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All Balls Don’t Bounce
Despite his apparent knack for crafting catchy, highly original songs of street knowledge and uplift, Aceyalone has been relegated to an “underground” status for years. His catalogue, which includes both independent and major-label releases and spans most of the 90s, was largely ignored until the release of his 1998 full-length collaboration with producer Mumbles, the ambitious if uneven A Book of Human Language LP. While ABOHL garnered overdue critical acclaim for the self-described “griot” from South-Central Los Angeles, Acey’s greatest solo achievement has to be his 1995 debut on Capitol Records, All Balls Don’t Bounce.
ABDB is a profound departure from his previous efforts, which include Freestyle Fellowship’s Inner City Griots LP and the 1995 Project Blowed compilation. The often imitated and more successfully duplicated speed-of-thought rhyming and Cold Crush/ Fantastic Five-inspired harmonious chants that characterize those earlier projects are thankfully absent from this considerably mellower work. The beats are brilliantly tailored to fit Acey’s highly eccentric, shifting flows and the album’s cohesive production might be considered a noteworthy accomplishment for any team of beatmakers.
ABDB blasts off with the Nonce-produced “All Balls,” a dusty yet ennervating jam that establishes the mood that prevails over most of the album. The rubbery bassline, triumphant filtered horns, and drums seemingly pulled out of the muck and mire each border on understatement but bang harder than one might have guessed once fused together. This is a hazy, downright absurd affair that lays uncomfortably in the purgatorial cut between Saafir’s Boxcar Sessions and Digable Planets’ Blowout Comb. Around this time, Black Thought claimed to be a bugged out gun-toting cartoon character a la Rammelzee, but Acey keeps it far more surreal than is even necessary to best such a thin boast.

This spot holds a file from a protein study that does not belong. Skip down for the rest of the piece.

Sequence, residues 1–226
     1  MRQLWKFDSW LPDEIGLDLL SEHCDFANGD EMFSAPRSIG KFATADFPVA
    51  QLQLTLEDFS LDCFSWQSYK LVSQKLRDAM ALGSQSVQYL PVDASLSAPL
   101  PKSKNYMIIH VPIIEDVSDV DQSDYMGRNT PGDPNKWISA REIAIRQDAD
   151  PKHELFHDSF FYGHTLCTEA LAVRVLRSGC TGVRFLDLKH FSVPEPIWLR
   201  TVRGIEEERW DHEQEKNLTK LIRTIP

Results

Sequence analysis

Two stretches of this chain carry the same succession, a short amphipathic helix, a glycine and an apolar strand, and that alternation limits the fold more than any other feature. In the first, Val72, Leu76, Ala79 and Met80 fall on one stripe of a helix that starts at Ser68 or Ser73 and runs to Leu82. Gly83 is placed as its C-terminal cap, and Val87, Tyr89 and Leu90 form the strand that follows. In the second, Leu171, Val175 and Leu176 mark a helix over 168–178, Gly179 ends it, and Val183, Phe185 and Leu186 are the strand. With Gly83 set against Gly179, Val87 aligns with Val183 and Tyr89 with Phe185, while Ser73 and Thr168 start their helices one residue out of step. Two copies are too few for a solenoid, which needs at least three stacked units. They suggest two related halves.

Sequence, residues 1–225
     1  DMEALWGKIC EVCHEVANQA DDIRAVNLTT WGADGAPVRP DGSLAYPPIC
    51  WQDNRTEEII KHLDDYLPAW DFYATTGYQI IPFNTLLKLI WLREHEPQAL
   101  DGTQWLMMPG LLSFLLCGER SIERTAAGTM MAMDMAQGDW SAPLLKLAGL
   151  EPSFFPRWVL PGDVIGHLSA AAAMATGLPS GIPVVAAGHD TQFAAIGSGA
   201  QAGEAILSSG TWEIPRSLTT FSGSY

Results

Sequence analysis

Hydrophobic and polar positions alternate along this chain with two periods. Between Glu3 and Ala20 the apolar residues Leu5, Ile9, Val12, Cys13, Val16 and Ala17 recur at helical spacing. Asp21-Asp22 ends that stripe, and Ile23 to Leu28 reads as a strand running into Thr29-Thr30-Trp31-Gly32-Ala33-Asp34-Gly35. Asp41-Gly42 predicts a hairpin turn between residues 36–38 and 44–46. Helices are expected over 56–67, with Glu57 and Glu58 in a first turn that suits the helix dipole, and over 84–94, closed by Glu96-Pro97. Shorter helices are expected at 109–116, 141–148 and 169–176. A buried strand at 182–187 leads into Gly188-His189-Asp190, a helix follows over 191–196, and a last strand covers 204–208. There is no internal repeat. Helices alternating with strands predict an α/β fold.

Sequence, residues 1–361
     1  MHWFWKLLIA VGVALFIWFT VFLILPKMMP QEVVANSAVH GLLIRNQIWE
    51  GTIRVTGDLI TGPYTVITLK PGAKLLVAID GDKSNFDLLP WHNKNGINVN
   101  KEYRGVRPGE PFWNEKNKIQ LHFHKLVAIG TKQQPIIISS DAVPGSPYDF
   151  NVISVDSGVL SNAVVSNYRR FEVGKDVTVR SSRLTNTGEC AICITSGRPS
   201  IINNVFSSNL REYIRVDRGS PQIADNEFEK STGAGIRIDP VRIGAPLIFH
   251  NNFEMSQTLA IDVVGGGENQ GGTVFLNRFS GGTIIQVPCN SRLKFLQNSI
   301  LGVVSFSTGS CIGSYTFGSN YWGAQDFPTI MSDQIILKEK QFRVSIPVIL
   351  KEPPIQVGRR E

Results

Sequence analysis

Acey effortlessly locates expressive space in the minimal, distorted static of ABDB’s music, and manages to strike a balance between technical virtuosity and experimental daringness. Acey’s emceeing style has to be one of the more smoothly executed mind-fucks in mid-90s rap. He leads us through bizarre streams of consciousness and punctuates his darkest verses with left-field pop culture allusions. While lesser rappers might employ such fantastic imagery to clarifying or comedic effect, Acey uses these references to confound and unsettle.
A sick Prince Paulian sense of humor is felt at various points in the album and it certainly sounds as if Acey is having loads of fun at your expense. Mostly though, he just rhymes as he knows how. Acey is audibly influenced by the new school on-beat/off-beat flows of Kool Keith and KRS-One. Much like those masters, he matches the whimsicality of his rhymes with unpredictable stylistic flips and cadence shifts. From the “old school” legends, in particular LA Sunshine of Treacherous 3, Acey derives a boisterous yet cool disposition and an enunciated yet effortless style of speech.